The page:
In my efforts to appear a classy kinda guy, I've collected several recipes that have cought my interest over time. Here's the results.

Chocolate Seduction Pie

(with thanks to Cappy Harrison for posting it on

Melt butter, cocoa and Baker's chocolate in a double boiler, stirring until smooth.

Add sugar and half-and-half and stir until the sugar dissolves. REMOVE FROM HEAT.

Beat 4 eggs + 1 egg yolk at room temperature (this is important -- it just doesn't come out as smoothly if you put them in cold). Add and stir well. Add vanilla.

Pour into 2 pie shells, or into sheet cake pan.

Bake about 35 minutes at about 375 degrees Fahrenheit.

You can experiment with both the time and the temperature, since every oven is different, but it's best to err on the side of more time and less temperature. The trick is to cook it till it sets quite firmly (the finished product should have the consistency of peanut butter, with a crispy crust on top) without scorching it.

Chill completely before cutting and serve garnished with real whipped cream and/or raspberry sauce (or almonds. I really like almonds.)

Enjoy. If you're a chocoholic like myself, you won't be able to do anything else!

Jay's Basic Hummus

Ah, hummus. Second only to Nutella in the hearts of soc.biters, this great garlic-and-bean sauce has been put to multifarious, and often astonishing, uses over the years. I have managed to collect quite a few over time (The best one, I hear, is Kay Dekker's Garlic Suicide Hummus, but sadly I lost the recipe before I got around to trying it.) This is roughly based on Jonathan Marshall's recipe, which I found on DejaNews.

(Makes enough for a party (20 people) or for a week of lunches.)

Drain chickpeas into blender or mixer (you can make it by hand with a masher, but its much harder) and add remaining ingredients. Blend to a semi-stiff (ooh) paste, adding up to 1/3 cup water if needed.

"Cover and refrigerate overnight or for several hours to allow flavors to blend and mellow. Taste and re-season if necessary. Use as a dip with vegetables, pita wedges, or crackers, or as a sandwich spread with tomato, cucumber, or pepper slices." (from the Jonathan's Hummus recipe).

Fried Lo Mein in Hummus Sauce

OK, this one was a quickie inspiration, following a bout of hummus-making, and actually turned out OK (I was aiming at something like pad thai, and missed). Its very simple and fast, and if you like hummus, you should like this; it is the only cooked hummus recipe I know of. Good for a 10 minute lunch.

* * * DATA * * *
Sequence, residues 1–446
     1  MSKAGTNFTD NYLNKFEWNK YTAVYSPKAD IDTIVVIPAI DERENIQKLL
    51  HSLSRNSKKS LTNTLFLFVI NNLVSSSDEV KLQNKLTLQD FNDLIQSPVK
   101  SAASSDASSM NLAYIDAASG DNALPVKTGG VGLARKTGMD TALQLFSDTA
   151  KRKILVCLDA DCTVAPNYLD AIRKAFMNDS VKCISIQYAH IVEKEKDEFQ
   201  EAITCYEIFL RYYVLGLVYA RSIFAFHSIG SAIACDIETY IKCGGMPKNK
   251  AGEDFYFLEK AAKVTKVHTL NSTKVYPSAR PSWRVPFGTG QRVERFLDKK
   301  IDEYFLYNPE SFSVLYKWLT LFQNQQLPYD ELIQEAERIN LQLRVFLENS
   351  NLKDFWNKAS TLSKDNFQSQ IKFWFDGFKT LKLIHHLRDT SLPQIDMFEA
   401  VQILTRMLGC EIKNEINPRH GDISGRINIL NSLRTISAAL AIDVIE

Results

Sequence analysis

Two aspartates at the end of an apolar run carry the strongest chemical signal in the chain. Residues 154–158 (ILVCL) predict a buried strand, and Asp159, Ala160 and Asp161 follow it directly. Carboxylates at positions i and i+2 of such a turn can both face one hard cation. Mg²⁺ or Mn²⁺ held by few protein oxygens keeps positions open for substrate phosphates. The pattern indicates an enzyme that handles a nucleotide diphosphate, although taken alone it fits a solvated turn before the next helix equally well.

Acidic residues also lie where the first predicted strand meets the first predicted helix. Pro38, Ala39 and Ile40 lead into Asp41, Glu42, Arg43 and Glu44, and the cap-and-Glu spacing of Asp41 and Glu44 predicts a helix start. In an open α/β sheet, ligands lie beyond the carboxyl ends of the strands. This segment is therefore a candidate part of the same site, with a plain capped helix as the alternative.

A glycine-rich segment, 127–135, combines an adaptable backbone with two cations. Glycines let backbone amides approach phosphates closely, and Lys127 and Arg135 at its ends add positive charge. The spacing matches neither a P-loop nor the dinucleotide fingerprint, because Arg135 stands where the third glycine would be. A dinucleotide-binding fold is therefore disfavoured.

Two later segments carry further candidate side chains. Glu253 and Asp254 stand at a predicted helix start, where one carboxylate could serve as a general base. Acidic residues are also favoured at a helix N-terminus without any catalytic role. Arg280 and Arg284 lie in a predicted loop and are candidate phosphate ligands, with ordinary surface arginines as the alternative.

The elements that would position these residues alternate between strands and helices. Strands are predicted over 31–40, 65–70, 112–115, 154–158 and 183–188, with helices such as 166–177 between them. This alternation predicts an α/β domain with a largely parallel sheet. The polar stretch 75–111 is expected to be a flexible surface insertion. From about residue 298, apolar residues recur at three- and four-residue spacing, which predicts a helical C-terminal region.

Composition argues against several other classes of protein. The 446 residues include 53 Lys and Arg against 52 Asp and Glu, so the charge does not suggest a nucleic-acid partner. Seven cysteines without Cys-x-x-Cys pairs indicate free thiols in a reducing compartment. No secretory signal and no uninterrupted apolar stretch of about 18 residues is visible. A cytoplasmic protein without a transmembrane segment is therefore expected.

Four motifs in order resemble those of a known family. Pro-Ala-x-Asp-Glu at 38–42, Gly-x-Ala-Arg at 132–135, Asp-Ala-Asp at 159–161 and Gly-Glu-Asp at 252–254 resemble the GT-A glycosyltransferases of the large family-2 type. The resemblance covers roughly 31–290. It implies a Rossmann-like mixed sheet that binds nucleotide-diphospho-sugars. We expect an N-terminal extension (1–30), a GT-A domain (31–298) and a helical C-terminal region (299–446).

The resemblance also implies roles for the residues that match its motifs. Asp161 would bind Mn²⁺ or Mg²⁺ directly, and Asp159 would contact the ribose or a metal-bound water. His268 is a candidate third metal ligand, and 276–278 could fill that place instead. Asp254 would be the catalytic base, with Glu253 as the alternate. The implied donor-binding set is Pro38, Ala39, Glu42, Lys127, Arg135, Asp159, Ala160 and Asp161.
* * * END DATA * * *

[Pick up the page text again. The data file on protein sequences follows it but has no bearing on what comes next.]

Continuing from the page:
Lay out the lettuce in a dish or bowl to form a bed for the cooked noodles. Mix hummus in a small bowl with 1/2 tsp of oil and enough water to make it a pourable dressing.

Boil the ramen in a small sauce pan for 1 minute. Drain. In a frying pan or wok, heat the oil on high until water will dance n the surface. Fry the diced onion on medium heat until transparent. Add noodles to the frying pan, and stir fry vigorously for 30 sec. (if you want to add the flavor packet that came with it, do so now, but use no more than half the packet or it will impart too strong a flavor).

Reduce heat to low and add 1-2 tbsp. fresh cold hummus to taste, and stir into noodles for another 30 sec., being careful to avoid scorching or sticking. Remove from heat and lay noodles on lettuce. Add cold hummus to taste.Serves 1 meal or 2-3 side dishes.

Spaghetti a la StJude

(from Jude Milhon)

(from _The Cyberpunk Handbook_): "Slice a couple of Belgian endives longwise and steam the slices until their stems can be easily pierced by a fork. Put them in a strainer, shake them gently and set them aside to drain. Put a big frying pan over a flame. Hack a great whacking chunk - maybe a quarter-pound - of american gorgonzola into small chunks. Throw the cheese into a hot pan, stir it around. The cheese will seperate instantly into golden oil and vile crufty scum. You can skim the scum, which will make the dish look better and taste less intense. If your that sort of person. When the gorgonzola sizzles, add the endive slices and turn the heat all the way up. fry the slices in the cheese until their surfaces become crispy. While they're frying in the open pan, drop half a pound of fresh squid-ink pasta into boiling water. Drain the pasta when it's al dente and toss it energetically in a serving bowl with the juice of one lime and a cup of bruised (rolled on a board until they pop slightly) blueberries. Picture it : slick grey pasta with purple streaks and blue-black beads. Scummy gold-green endives. Orgiastic. Serves two."

I've actually tried it, too. You have to be really careful about burning the cheese, but otherwise, its a good if rather wierd dish. Kewl. Remember, however, that Cyber cuisine is adventurous at it heart. You should feel free to experiment with recipes like this one, as I have; my own experiences have been predicated on a number of factors, such as curiosity, perversity, and impecunity. A few suggestions from my own efforts :

Bon appetit!

Last Updated 25 April 1998